A scientific group is sounding the alarm in a new interactive chart that reveals how unstable the country’s nuclear power plants could become were something to happen to the power grid that provides them with the electricity they need to safely operate.
The Union of Concerned Scientists, in its interactive database, notes that the nation’s highest concentration of nuclear plants is along the U.S. east coast, which is also home to the highest concentration of Americans in the country. Areas around New York City, Philadelphia, Washington, D.C. and most of the southeast are at the greatest risk.
Should a grid-down scenario develop, and last for more than a few days, a hundred million Americans will be at risk of dying a horrible, radiation-filled death. (RELATED: 28 Nuclear Reactors In The United States Could Suddenly Fail Due To Earthquakes… Most Are Located Along The East Coast)
In 2011, following the nuclear disaster at Japan’s Fukushima Daiichi power plant, The Associated Press reported that a study showed U.S. plants were vulnerable to power outages:
It’s a nightmarish scenario: A days-long blackout at a nuclear power plant leading to a radioactive leak. Though the odds of that happening are extremely remote, an Associated Press investigation has found that some U.S. plants are more vulnerable than others.
Even before the Japan accident in March 2011, the U.S. Nuclear Regulatory Commission was concerned that a protracted power outage could lead to radiation leaks as the loss of power to plants’ cooling tanks would lead to overheating and spillage of dangerous atomic elements.
In fact, the NRC ran a simulation in 2009 at the Peach Bottom Atomic Power Station outside Lancaster, Pa., and discovered that it would take less than one day for radiation to leak if a flood, fire or other event caused the power grid to go down.
But what about an event that no one wants to think about: An electromagnetic pulse (EMP) that would essentially wipe out most of the country’s power grid and send the country spiraling back to the 18th century?
An EMP event doesn’t have to come from a nuclear weapon detonated high above our country. A major solar storm on the sun would accomplish the very same thing. In addition, hackers from foreign governments are also a huge threat.
If/when it happens, this will become a doomsday scenario for Americans everywhere, as there are nuclear power plants all across the United States (with the exception of the vast – and sparsely populated midwestern states).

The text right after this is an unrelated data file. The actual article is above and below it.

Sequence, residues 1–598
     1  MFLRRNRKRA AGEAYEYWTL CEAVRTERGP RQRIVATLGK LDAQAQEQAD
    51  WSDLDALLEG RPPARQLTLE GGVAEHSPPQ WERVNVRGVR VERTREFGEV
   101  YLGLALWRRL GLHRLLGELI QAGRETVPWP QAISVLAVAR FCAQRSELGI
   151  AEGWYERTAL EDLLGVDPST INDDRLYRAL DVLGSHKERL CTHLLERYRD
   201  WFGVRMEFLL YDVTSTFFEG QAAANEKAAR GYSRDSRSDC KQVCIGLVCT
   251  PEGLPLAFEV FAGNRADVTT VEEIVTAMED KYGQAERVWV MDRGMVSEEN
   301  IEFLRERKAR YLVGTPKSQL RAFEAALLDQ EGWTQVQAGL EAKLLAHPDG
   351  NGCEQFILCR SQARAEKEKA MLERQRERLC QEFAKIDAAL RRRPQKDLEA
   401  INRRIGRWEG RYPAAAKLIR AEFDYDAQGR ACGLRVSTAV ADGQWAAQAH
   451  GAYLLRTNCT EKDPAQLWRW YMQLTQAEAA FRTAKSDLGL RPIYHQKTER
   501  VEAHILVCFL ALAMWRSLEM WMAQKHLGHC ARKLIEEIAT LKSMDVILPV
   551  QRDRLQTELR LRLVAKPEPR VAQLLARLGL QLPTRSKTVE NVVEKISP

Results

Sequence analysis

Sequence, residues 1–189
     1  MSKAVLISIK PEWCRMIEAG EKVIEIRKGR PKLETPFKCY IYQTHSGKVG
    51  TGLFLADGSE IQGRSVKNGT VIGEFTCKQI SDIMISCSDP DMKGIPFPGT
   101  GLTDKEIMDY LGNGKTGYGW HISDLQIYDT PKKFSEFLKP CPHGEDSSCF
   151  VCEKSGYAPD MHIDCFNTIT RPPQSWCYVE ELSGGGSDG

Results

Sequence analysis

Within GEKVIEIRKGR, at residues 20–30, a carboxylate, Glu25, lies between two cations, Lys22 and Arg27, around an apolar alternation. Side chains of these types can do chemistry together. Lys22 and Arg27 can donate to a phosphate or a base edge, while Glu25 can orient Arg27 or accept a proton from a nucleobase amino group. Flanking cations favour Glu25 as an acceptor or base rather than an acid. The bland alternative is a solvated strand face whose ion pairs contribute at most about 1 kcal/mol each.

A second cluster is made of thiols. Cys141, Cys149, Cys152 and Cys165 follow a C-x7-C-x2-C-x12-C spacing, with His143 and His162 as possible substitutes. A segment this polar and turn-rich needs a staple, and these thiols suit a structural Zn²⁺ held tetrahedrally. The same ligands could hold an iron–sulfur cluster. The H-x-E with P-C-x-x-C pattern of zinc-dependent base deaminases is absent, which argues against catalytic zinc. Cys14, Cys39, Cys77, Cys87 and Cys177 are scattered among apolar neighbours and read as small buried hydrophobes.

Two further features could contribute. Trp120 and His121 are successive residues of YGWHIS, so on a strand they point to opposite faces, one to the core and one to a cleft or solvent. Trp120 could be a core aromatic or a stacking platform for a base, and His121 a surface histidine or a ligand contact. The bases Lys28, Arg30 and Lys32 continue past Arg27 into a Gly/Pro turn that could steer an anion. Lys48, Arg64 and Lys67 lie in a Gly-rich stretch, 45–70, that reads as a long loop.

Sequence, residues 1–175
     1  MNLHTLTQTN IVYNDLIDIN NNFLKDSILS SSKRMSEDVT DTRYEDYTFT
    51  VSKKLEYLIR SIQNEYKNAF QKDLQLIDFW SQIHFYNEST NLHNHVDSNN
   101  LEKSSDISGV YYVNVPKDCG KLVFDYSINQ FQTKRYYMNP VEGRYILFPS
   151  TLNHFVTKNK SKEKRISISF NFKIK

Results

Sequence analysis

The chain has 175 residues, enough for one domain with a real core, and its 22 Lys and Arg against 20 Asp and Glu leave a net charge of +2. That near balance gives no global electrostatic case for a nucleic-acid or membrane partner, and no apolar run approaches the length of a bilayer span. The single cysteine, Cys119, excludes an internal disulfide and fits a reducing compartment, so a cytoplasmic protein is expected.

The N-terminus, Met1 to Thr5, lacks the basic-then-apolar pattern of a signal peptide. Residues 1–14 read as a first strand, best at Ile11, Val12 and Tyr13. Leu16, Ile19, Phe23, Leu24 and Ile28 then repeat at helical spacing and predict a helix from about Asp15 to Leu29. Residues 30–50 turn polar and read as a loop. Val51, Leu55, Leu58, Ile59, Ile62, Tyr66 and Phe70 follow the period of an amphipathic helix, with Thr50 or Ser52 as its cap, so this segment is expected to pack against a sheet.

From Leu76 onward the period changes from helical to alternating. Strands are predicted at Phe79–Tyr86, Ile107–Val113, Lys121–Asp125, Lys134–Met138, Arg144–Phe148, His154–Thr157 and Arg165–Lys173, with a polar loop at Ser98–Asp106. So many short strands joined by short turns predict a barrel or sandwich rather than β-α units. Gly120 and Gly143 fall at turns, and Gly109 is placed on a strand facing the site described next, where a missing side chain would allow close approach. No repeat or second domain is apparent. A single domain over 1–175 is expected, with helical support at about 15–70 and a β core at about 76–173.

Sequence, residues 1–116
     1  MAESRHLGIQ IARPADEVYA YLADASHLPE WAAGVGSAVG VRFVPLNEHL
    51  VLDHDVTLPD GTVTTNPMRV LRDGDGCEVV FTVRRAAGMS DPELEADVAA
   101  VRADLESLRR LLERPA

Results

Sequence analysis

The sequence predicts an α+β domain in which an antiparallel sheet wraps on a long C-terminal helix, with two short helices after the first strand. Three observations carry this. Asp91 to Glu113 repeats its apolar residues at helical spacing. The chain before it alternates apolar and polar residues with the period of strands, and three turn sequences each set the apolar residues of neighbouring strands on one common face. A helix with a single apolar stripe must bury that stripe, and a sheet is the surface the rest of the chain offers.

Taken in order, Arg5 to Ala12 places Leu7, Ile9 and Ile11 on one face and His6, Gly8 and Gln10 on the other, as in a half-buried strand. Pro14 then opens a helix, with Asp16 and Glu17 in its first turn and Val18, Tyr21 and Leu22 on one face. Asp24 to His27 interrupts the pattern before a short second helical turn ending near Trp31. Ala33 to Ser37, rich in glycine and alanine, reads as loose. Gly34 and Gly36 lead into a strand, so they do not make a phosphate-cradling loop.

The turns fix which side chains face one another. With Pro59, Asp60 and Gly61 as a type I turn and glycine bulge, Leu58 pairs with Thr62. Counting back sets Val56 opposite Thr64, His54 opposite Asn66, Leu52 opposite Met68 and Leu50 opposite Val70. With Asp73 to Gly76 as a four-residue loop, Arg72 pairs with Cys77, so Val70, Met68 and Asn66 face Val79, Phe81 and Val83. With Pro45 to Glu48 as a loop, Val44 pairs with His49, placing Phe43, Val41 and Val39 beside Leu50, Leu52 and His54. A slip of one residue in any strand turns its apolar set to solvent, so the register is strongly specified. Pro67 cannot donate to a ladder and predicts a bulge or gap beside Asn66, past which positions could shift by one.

If huge swaths of the nation’s power grid are destroyed in this fashion, it would take years to rebuild completely, though sections of the grid could be restored within months thanks to an effort undertaken by eight power companies in 2015 to build transformers and other essential electrical components for a national stockpile.
The only state along the East Coast that may be spared is Maine, where Central Maine Power launched a $1.4 billion effort in 2015 to upgrade their power grid against potential physical or cyber attacks. Also, the state of Texas is supported by its own power grid. (RELATED: REPORT: We Must Protect Lone Star State’s Stand-Alone Power Grid As Texas Is Home To Massive U.S. Military Presence Vital To National Defense)
There is also this to consider. When the nation loses much of its power grid, societal breakdown will occur, there are no two ways about it. There are not enough police officers, National Guard and Army troops to quell the rioting. As our cities break down and devolve into mindless and horrific violence, that will only exacerbate power plant meltdown and fallout. Even if there is anyone around to begin installing new transformers and electrical equipment to restore power, it won’t happen quickly enough for a large enough area. Even these repair efforts are liable to be rendered impossible by roving bands and mobs who only want to kill, loot and burn.
In order to avoid a nuclear catastrophe following a grid-down scenario, everything that has been set up to mitigate or avoid a breakdown would have to work – perfectly. Backup power options to keep spent nuclear fuel rods cool can’t fail – even one failure would spark a horrendous crisis and cause a major meltdown and radiation release.
Federal agencies, as problematic as they are, also are never fully funded. So despite the fact that there is a Nuclear Regulatory Commission charged with oversight of the nation’s 104-odd nuclear plants, it’s almost a certainty that there are a plethora of safety violations, shortcuts and other accidents waiting to happen at most of those plants.
But hoping for the best is not a solution, either. Plan ahead if you live near a nuclear plant, have an escape route, supplies and a way to prevent absorption of radioactive elements.
J.D. Heyes is a senior writer for NaturalNews.com and NewsTarget.com, as well as editor of The National Sentinel.
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